Digital Photography Techniques to Rescue Defective Photographs

Digital Photography Techniques to Rescue Defective Photographs

Published on 2015/09/22 - Text and Pictures by Alberto Mateo, Travel Photographer for The Last Footprint.

"Change is the only constant in Life." (Heraclitus).

The time when photographers were people who were behind photographic equipment passed away long time ago.  Nowadays we photographers spend more time in front of a computer screen than using our camera. We are expected to have different skills than in the past and have more tools than ever before to get, using the words of Ansel Adams, a "definitive print", even if that print is not going to appear on paper. For the better and the worse we live in the Digital Era, a time that has brought as many tools as headaches — Who has never lost some hours of work because of a virus, or beacuse the hard disk failed? But the good news is that we can recover pictures that in the film era were simply lost. The new possibilities have forced us to rethink our old habits, in special, when we are photographying in the field and when we are editing our work in the office.

Flamingos, Laguna Colorada, Altiplano, Bolivia.

One of the main problems any photographer has to face is to learn to edit his/her work. Editing is the process of SELECTING the good pictures and sending to the trash the bad ones. Even today storage is an expense (storage is cheaper than ever, but file sizes are increasing each year), and you have to get rid of your worse pictures to focus in the good ones.

The problem is that learning to edit your own work is a long process and your editing preferences change as you evolve as a photographer, so after some years you are going to save pictures that you would have sent to the trash basket when you were shooting your first shots. In addition, digital technology evolution has changed the game rules, and now allow possibilities to ‘rescue’ pictures that some years ago were simply lost like scratched photographs that not many years ago were simply lost.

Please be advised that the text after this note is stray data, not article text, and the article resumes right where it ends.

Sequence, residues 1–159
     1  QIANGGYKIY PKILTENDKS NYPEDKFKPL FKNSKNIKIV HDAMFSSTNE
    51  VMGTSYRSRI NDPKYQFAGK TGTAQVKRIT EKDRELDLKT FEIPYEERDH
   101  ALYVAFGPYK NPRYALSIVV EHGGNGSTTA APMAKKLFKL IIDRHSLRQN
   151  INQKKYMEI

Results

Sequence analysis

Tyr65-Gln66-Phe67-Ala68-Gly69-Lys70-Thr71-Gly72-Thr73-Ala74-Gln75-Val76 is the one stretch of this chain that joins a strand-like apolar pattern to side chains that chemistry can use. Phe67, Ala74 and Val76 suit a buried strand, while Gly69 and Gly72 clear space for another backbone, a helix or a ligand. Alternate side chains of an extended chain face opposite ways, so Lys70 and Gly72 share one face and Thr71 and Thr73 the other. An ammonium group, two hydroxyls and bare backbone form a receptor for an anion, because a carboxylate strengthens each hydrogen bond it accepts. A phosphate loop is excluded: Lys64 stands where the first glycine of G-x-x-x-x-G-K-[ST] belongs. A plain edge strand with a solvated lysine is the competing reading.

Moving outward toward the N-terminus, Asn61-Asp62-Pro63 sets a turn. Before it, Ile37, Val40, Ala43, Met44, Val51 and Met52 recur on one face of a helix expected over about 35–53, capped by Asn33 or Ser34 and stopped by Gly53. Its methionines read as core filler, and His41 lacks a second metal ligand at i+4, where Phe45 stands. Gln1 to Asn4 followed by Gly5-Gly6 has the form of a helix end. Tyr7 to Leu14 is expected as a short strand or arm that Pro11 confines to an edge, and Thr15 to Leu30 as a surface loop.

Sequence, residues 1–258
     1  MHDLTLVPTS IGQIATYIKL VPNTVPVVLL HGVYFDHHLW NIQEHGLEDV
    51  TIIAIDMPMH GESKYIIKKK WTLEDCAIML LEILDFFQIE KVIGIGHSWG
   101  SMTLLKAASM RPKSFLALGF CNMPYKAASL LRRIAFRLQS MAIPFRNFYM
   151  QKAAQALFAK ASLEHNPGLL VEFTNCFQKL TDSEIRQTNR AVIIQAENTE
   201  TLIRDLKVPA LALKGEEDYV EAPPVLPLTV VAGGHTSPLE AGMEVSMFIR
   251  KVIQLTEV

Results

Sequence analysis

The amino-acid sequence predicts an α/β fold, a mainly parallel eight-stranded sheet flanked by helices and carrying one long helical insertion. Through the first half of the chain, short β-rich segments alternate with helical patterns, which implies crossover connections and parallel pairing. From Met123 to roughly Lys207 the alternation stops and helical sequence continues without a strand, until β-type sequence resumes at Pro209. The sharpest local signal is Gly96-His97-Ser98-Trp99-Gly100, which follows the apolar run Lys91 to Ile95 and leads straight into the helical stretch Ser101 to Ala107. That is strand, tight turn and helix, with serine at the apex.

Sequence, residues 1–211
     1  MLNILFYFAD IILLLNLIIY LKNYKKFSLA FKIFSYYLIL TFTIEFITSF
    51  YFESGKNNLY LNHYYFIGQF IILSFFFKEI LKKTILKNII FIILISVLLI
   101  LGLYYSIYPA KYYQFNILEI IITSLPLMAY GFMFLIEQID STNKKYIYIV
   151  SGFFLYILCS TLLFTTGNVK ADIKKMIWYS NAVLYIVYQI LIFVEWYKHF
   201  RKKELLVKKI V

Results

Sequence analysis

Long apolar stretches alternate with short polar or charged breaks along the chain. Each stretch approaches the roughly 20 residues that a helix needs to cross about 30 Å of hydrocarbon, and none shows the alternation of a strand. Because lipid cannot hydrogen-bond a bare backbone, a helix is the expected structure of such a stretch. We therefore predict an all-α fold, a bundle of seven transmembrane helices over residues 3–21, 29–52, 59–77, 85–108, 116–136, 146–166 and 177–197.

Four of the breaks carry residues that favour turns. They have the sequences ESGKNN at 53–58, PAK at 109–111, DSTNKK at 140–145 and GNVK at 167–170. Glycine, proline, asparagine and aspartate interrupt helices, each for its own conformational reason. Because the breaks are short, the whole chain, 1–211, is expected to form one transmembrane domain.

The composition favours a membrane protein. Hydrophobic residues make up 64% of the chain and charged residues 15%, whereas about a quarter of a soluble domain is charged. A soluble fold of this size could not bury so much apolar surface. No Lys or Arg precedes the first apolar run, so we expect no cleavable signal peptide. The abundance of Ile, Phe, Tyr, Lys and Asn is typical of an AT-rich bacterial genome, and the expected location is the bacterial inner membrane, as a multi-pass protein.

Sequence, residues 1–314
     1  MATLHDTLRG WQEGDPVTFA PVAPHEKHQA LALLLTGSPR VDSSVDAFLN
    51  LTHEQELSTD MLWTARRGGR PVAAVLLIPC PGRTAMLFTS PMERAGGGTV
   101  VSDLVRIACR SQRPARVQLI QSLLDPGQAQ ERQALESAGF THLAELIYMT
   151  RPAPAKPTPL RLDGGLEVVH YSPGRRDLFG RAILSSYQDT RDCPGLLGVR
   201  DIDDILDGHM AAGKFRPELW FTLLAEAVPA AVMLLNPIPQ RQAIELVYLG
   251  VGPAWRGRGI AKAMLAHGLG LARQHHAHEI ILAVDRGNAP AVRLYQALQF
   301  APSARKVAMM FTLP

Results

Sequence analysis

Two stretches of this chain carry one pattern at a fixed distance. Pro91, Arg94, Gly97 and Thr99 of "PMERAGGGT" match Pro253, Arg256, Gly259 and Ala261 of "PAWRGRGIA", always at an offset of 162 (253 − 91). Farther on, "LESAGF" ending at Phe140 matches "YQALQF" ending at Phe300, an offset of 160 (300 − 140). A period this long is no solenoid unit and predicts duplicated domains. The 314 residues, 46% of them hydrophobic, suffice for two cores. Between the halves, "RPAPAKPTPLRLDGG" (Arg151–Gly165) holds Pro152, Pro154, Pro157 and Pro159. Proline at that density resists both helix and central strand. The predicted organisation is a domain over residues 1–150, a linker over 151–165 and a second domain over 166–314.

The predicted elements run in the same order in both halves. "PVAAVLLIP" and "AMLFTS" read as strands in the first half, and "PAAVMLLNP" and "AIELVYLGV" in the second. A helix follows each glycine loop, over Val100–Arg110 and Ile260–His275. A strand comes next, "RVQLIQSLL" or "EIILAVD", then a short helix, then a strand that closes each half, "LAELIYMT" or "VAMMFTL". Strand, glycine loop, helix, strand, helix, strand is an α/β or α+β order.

The problem is that learning to edit your own work is a long process and your editing preferences change as you evolve as a photographer.

You can read on page 104 of the 1993 edition of Galen Rowell’s book “The Art of Adventure Photography” (a compilation of the essays he published on Outdoor Photographer Magazine) a reflection about the possibilities to repair a damaged slide in the years when digital technology was not in the hands of everyone.

He wrote that he had taken one of his ever favorite climbing photographs of his friend Ron Kauk under a rainbow in Yosemite Falls, but the slide had got burnt by the sun, so he tried to repair the slide in a digital laboratory.

Galen Rowell went to a firm in San Francisco specialized in film production to try to save the slide. The transparency was scanned producing a top quality (for the date) 24 Megapixel digital file, then they ‘sampled’ from one part of the picture to other and recorded the repaired film on a 4x5” slide. A photographer should pay for the process between 350$ and 650$.
“Ten years ago [referring to 1983]– he writes – the slide would have been a total loss for quality stock sales.[…] it was possible to repair any damage with a million dollar Scitex Machine but not to regenerate transparencies at a price that any individual photographer would be likely to pay to salvage images”.

In the moment of writing these lines (2015) most photographers are able to repair easily the texture back to the image in twenty seconds in a free editing software like GIMP or paying some bucks per month using Adobe Photoshop. The process of ‘sampling’ is well known in photography industry as ‘cloning’ and Nikon (the brand Galen Rowell used all his life) does not produce DSLR models under 24 Mpx. You can get a camera body that produces pictures this size for 500$.